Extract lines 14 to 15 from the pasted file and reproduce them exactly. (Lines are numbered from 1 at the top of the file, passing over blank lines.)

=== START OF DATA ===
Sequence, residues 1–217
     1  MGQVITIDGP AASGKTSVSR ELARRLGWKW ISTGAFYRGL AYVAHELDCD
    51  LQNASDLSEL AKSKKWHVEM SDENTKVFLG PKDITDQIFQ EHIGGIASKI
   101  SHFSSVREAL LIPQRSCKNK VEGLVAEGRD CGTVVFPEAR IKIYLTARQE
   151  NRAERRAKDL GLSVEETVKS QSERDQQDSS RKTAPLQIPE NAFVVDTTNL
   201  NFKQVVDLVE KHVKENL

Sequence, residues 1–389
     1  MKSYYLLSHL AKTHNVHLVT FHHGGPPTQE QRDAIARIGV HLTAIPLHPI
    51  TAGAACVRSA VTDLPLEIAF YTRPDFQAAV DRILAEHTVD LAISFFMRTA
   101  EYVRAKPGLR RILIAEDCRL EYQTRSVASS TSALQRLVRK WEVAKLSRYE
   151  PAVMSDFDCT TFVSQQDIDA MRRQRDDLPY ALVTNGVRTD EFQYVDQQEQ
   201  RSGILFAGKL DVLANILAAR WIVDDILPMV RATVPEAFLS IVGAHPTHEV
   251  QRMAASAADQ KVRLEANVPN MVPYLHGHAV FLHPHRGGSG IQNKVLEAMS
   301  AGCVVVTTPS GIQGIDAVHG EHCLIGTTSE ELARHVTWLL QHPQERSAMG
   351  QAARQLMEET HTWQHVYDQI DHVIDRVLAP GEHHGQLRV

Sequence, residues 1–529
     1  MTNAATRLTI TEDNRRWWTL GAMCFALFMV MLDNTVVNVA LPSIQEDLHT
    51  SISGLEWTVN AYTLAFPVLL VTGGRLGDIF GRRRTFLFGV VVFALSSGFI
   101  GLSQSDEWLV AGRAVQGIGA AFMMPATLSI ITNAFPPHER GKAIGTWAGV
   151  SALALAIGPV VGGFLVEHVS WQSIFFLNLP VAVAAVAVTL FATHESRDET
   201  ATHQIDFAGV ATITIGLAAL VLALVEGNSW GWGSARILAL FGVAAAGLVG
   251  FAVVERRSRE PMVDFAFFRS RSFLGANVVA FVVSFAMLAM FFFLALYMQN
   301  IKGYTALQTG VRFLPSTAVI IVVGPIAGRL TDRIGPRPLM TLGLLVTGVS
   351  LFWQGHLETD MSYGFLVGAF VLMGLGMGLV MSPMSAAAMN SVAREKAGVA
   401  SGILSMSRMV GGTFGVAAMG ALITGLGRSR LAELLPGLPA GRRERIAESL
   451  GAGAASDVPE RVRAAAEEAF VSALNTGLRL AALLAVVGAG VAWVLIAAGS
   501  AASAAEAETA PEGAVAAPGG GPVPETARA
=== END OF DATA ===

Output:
   301  AGCVVVTTPS GIQGIDAVHG EHCLIGTTSE ELARHVTWLL QHPQERSAMG
   351  QAARQLMEET HTWQHVYDQI DHVIDRVLAP GEHHGQLRV